First there was precision agriculture. Then came decision ag. Now there’s smart ag.
These terms describe fundamental changes in agriculture to better produce crops or livestock. It’s all about maximizing yield while minimizing costs and environmental impact.
They include everything from predictive analytics and digital technologies to soil management and crop protection strategies. Autonomous tractors. Bio-fertilizers. Variable rate inputs for applying seed and nutrients. Remote sensing. Biomass calculations. The list goes on.
Smart ag started in the technical realm but now includes the ethical and environmental, along the entire farm-to-fork value chain. It’s rapidly gaining attention from everyone from venture capital investors and transnational agribusiness players to governments and environmental groups.
Smart ag, ultimately, points to a positive and sustainable farming future.
Smart ag is also often linked to Canada’s role in feeding a hungry planet, as population growth outstrips the world’s capacity to fill demand. Canada is seen as a global linchpin, one of the handful of countries capable of producing vastly more food than it consumes.
The federal government has begun to talk about re-imagining Canada’s agriculture-food sector. That underscores the opportunities for the entire sector – to say nothing of the country’s gross national product.
That’s supported by the notion that smart ag is good (and big) business. A recent report estimated the global smart ag market’s economic impact will reach $40 billion by 2026.
The average person puts fork to mouth without a lot of thought about food’s journey from the field. So the reality that farmers and their partners in the processing chain are under a tremendous variety of pressures to get food right isn’t front and centre.
Farmers must deal with something similar to the energy sector’s social licence to operate. In agriculture, it can be described as the social licence to grow.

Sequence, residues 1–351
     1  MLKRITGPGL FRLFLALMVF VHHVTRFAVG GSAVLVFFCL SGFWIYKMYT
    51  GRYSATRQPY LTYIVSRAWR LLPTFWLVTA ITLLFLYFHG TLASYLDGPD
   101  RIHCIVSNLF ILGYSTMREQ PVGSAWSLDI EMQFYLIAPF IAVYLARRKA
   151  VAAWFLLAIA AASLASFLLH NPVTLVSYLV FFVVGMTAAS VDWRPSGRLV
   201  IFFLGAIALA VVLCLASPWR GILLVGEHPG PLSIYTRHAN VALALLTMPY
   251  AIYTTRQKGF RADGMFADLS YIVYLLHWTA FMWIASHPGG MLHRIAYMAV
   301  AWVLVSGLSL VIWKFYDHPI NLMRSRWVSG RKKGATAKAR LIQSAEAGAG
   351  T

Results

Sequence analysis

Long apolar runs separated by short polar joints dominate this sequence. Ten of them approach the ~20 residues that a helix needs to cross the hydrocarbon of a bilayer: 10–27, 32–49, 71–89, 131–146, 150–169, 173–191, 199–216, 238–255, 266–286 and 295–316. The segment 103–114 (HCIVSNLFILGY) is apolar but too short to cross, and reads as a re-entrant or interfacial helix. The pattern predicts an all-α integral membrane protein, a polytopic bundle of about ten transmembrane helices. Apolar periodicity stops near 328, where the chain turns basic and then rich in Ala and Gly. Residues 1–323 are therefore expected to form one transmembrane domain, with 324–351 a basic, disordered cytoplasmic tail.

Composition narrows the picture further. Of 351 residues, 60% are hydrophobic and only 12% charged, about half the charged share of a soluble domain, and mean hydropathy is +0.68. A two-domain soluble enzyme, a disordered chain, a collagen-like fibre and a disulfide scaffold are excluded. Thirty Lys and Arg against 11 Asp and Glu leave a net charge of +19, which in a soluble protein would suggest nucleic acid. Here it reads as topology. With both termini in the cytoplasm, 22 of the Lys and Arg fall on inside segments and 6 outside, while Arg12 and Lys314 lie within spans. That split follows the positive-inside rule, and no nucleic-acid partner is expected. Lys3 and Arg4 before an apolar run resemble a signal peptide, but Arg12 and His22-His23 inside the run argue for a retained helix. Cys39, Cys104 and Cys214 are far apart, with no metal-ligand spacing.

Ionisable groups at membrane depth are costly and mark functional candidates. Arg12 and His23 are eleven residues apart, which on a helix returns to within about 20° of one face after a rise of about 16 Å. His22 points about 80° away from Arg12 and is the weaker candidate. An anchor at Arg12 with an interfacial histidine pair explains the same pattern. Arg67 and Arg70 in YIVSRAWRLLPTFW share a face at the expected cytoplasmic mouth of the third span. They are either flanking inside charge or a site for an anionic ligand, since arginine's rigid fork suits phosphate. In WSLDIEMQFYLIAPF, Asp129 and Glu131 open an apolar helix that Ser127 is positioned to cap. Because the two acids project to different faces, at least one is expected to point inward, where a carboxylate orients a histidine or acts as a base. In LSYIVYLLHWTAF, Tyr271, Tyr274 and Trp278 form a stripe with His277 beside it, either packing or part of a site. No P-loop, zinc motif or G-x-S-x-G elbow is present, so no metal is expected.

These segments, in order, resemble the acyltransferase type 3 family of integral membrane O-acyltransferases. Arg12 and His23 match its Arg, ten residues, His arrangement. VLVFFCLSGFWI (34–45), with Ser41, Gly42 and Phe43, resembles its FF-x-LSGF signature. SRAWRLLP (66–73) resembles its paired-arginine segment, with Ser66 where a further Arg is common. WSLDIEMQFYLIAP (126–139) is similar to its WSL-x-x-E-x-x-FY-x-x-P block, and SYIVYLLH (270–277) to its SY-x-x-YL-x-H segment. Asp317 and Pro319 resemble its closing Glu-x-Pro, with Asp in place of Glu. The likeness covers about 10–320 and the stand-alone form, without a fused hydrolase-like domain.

The ag and petroleum sectors, then, share a conundrum: how to more effectively communicate with a public that’s generally ignorant of what’s involved in getting gas into the tank or food onto the table.
Most folks understand, at some level, that farm and energy producers exist because consumers exist. But consumer ignorance, complacency and disinterest have always been confounding. And now, the societal demand for better performance from both sectors is clamorous.
Smart ag has many variations, including climate-smart agriculture, which examines the role agriculture plays in climate change and reducing greenhouse gas emissions.
Smart ag is not just about doing things better in the field. It also helps heighten the public’s consciousness about how food is produced and why rational dialogue about tough choices is critical.
The ag sector understands that trust is an issue and it’s trying to constructively tackle that issue.
The oil and gas sector also gets that social trust is one of its biggest challenges. So why hasn’t the oil and gas sector created its own version of smart ag?
It makes sense to link the two sectors in an effort to build trust.
In many ways, agriculture and energy are joined at the hip – by air, water and land.
Here’s an example: the United States Department of Agriculture just released a report that explores the relationship between the American diet and carbon dioxide production. In 2012, 13 per cent of emissions could be linked to how Americans eat (through production, processing, transportation and logistics).
The link between diet and emissions gives the two sectors an opportunity to talk more constructively.
For a start, the upstream petroleum sector might do well to study smart ag and its key message: better techniques make for improvements in everything from food safety and quality to the environment and climate.
The oil and gas sector is making parallel moves but hasn’t displayed the same creativity in coalescing around a central theme.
Smart ag is still in many ways figuring itself out. But it’s gaining momentum with the right constituencies.
The upstream oil and gas sector has great stories to tell, and it needs to build public trust. Watching how the ag sector handles these tasks would be time well spent.
Canadians need to be as connected to a smart-energy movement as they are to smart ag.
Bill Whitelaw is president and CEO at JuneWarren-Nickle’s Energy Group.
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